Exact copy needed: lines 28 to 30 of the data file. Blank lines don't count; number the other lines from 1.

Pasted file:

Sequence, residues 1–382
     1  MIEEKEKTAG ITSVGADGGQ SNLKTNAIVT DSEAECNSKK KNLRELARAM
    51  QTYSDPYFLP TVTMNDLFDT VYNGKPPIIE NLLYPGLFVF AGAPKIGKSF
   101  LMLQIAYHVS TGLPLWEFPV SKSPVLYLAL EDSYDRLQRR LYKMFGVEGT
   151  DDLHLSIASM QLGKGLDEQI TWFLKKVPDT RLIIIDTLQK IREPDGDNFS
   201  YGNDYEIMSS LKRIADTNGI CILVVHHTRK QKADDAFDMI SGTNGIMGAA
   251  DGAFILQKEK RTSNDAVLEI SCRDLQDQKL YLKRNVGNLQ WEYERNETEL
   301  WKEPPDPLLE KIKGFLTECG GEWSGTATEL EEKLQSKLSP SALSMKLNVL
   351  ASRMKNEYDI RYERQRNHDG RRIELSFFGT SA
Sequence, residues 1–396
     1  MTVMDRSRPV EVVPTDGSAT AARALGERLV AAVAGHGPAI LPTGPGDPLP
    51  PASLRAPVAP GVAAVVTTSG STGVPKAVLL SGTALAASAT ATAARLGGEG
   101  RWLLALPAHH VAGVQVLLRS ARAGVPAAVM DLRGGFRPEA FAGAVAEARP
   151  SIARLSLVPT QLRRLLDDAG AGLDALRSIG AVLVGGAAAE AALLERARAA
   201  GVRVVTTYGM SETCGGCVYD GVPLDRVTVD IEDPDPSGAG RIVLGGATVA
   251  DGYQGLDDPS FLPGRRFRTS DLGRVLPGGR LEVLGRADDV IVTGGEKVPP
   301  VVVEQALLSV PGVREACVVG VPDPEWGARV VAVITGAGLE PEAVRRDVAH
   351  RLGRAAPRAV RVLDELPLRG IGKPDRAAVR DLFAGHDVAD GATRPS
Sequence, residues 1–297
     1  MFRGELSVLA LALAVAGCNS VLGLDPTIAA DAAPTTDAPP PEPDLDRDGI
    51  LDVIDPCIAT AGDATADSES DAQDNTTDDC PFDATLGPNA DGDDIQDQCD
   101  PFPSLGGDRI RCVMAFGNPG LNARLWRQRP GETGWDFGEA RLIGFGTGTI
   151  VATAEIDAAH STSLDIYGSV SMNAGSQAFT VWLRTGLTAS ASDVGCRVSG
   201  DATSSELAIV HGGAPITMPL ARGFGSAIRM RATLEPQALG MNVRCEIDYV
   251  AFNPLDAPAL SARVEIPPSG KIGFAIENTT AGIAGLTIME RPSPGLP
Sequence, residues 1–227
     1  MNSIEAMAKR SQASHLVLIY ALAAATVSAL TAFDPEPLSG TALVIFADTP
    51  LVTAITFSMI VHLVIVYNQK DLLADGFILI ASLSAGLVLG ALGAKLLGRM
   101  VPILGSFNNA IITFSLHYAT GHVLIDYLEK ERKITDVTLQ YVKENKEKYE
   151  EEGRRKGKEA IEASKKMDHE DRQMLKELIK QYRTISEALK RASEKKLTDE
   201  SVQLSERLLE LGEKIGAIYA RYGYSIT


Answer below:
    51  LVTAITFSMI VHLVIVYNQK DLLADGFILI ASLSAGLVLG ALGAKLLGRM
   101  VPILGSFNNA IITFSLHYAT GHVLIDYLEK ERKITDVTLQ YVKENKEKYE
   151  EEGRRKGKEA IEASKKMDHE DRQMLKELIK QYRTISEALK RASEKKLTDE